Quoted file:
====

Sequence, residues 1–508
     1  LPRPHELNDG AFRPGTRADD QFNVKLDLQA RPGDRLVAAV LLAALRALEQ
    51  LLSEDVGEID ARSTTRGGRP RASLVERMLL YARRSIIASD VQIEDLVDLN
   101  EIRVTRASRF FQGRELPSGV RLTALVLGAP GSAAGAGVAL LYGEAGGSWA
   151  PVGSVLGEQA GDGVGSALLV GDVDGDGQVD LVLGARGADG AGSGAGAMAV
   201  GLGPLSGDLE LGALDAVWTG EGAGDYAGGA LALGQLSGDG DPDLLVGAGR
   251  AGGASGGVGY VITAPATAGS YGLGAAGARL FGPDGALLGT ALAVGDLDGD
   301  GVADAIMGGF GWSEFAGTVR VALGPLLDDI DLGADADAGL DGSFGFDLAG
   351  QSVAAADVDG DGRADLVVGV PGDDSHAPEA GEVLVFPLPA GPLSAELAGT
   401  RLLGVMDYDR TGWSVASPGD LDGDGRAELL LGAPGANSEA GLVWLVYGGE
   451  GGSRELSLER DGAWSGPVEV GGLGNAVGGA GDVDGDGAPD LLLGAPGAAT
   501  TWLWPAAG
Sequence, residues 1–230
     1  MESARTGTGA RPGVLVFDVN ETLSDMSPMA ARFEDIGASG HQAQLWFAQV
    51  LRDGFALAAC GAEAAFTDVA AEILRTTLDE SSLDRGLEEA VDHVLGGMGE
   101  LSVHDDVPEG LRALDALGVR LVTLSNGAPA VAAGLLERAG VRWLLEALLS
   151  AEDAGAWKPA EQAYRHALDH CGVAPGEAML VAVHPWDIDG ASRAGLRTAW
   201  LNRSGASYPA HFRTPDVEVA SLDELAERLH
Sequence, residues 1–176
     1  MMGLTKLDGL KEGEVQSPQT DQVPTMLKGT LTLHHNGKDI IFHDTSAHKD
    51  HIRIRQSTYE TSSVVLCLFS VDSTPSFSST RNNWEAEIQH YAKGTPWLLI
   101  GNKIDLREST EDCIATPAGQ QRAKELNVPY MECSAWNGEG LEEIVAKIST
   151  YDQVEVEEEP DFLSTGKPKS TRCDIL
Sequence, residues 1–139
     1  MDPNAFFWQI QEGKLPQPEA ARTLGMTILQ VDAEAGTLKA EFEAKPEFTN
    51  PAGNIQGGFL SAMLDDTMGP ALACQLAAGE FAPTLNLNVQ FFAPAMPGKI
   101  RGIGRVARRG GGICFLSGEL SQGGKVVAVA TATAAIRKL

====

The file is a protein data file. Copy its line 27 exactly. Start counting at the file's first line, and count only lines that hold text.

   101  RGIGRVARRG GGICFLSGEL SQGGKVVAVA TATAAIRKL